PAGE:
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Film Festival Pays Tribute to Fannie Lou Hamer

In commemoration of what would have been her 100th birthday, the legacy of late civil rights activist Fannie Lou Hamer was celebrated by the March on Washington Film Festival and New York University-DC in a rare special program last week.​

​The Oct. 11 event began with spoken word by poet/performance artist Holly Bass, who shared the story of her own family history, one that, like Hamer’s, was centered around sharecropping.

Hamer’s life from her Oct. 6, 1917, birth began as a sharecropper on the Marlow plantation in Sunflower County before she was thrust into the history books by her advocacy for voting rights in Mississippi during the volatile ’60s. It was said she could pick hundreds of pounds of cotton in a week.

​The focal point of the evening event was a screening of Robin Hamilton’s 2015 short documentary, “This Little Light of Mine: The Legacy of Fannie Lou Hamer,” which captured the fervor of Hamer’s grass-roots activism during the civil rights movement. The film, less than a half-hour long, succinctly tells the story of Hamer’s rise from a sharecropping family to the icon she became in pursuit of the right to vote.

​Historical film footage of Hamer punctuates the film, demonstrating the power of her words that carried her to the Democratic National Convention in Atlantic City in 1964 as the founder and principal spokesperson for the Mississippi Freedom Democratic Party (MDFP).

As she testified at the convention, Hamer detailed the struggle and violence meted out on her and members of the Student Non-Violent Coordinating Committee (SNCC) in the quest to gain the right to vote. Her efforts resulted in a beating at the hands of the police that was so severe, she nearly lost her kidney and her life.

​The MFDP’s presence at the Democratic National Convention in New Jersey that year was credited for integrating future Democratic delegations, and propelling the climate forward towards the signing of the Voting Rights Act of 1965 under President Lyndon B. Johnson.

​Hamilton calls the film a “labor of love,” as she worked on it with virtually no budget and no assistance. But it powerfully and poignantly pays homage to the short but incredibly effective life of Hamer, who died at age 59 of hypertension and complications from breast cancer in her native state.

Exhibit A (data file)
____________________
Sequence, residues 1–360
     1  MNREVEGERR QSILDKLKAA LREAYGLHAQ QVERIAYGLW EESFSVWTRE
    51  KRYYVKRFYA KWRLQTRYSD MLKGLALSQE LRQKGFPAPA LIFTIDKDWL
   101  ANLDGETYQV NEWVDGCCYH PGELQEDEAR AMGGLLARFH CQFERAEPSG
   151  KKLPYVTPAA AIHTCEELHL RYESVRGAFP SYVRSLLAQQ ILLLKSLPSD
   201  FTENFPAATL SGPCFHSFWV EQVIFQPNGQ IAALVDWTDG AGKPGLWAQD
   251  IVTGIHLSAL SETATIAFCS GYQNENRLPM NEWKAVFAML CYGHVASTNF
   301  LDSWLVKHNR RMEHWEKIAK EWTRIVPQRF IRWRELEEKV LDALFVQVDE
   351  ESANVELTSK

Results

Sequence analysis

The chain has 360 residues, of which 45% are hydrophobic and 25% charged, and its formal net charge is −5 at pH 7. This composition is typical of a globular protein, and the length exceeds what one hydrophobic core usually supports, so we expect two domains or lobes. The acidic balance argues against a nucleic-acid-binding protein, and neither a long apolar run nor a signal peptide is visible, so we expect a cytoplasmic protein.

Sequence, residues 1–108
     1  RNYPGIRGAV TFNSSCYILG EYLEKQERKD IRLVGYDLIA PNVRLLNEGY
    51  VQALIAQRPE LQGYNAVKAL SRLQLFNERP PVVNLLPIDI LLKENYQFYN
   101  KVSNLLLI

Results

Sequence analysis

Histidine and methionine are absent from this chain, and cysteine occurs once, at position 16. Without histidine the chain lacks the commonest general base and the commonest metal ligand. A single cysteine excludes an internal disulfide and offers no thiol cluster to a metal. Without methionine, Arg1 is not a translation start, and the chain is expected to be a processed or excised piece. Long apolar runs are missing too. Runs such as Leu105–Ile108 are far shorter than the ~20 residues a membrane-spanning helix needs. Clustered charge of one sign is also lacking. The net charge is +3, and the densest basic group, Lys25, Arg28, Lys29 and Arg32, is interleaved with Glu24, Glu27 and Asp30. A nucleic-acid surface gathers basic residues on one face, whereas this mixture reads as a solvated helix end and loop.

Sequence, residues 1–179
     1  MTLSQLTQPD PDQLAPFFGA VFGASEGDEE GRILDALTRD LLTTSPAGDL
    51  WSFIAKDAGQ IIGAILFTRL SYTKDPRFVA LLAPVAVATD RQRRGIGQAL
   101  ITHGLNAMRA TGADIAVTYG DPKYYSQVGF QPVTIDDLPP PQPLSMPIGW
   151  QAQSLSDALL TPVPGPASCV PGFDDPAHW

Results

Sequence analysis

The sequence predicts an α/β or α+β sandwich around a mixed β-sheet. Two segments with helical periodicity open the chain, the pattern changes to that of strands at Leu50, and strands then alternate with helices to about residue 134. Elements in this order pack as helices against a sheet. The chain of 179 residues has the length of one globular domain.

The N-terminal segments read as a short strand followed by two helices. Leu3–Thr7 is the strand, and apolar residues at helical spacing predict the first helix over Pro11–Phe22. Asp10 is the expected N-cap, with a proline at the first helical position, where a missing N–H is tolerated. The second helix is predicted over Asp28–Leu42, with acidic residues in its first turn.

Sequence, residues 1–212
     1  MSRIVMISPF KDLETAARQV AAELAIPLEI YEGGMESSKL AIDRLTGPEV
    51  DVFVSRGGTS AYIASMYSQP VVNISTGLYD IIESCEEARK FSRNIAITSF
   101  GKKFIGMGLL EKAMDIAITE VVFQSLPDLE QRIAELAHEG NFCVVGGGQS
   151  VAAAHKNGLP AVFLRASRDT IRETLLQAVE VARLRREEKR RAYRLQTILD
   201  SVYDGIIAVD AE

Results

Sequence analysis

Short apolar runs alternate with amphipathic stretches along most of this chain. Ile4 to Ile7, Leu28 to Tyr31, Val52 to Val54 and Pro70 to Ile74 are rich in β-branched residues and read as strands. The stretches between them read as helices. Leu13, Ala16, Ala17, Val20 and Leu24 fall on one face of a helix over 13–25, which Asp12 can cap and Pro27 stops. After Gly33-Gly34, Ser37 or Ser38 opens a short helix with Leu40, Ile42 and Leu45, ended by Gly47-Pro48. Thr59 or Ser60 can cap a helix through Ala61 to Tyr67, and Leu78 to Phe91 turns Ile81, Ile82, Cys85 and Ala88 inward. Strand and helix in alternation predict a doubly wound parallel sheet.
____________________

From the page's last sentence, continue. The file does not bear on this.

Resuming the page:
​”I wanted this to be my love letter to her, my thank-you,” Hamilton said during the panel discussion following the film, which was also her directorial debut.

​Finding the people who fought alongside Hamer was also not an easy feat.

“I was fortunate and blessed to get the people I did,” Hamilton said. “Her daughter Vergie was open and she was pleased [to participate].”

​But others proved more challenging.

“I had to do a lot of digging and asking and pleading,” she said. “Not everybody wanted to talk or remember. There were big names who were hard to reach. But I wanted to reach out to people who were with her on the front lines.”

​One of those people she relied on heavily in the film was Dorie Ladner, who joined Hamilton on the post-film panel. Ladner, at age 14, took up the struggle and eventually joined the SNCC, working alongside Hamer to register voters in her native state.

Ladner was born in Hattiesburg, Mississippi, roughly 200 miles from Money, Mississippi, where Emmett Till was lynched shortly before Ladner took up the cause.

​”When Emmett Till was murdered, I had to do something,” Ladner said. “When [Hamer] took a bus load of sharecroppers to the courthouse to attempt to vote in 1962, the people were steadfast. They had had enough.”

​The young Ladner and Hamer worked tirelessly to earn that right to vote, often facing insurmountable violence.

“There was a lot of studying to do and a lot of work,” Ladner said. “But Mrs. Hamer had a vision. She wanted to be free.”

Hamilton said the project was nearly two decades in the making.

“I carried this story with me for 15 years,” Hamilton said. “I parked myself in the Library of Congress and read her papers at Tougaloo College. But I felt I knew her intimately, sitting listening to her voice in the headphones.

​”What struck me was how little I knew about women in the movement,” she said. “I learned about her in class in a book by Kay Mills, ‘This Little Light of Mine: The Life of Fannie Lou Hamer,'” she added. “Her story stayed with me through the class and beyond. I needed to get this done, and it went further than I ever expected.”

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